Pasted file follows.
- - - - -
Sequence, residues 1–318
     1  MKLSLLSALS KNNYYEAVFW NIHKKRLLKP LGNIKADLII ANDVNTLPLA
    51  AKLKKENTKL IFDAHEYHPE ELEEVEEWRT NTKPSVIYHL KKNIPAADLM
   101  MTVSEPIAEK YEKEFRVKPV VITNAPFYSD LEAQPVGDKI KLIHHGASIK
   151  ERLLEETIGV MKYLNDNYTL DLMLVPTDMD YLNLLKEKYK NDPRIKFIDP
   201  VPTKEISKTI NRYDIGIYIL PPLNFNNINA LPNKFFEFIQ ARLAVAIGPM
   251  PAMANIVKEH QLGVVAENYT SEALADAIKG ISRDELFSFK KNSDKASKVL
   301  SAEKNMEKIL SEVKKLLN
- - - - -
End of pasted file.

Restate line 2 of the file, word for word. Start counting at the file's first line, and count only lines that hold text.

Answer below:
     1  MKLSLLSALS KNNYYEAVFW NIHKKRLLKP LGNIKADLII ANDVNTLPLA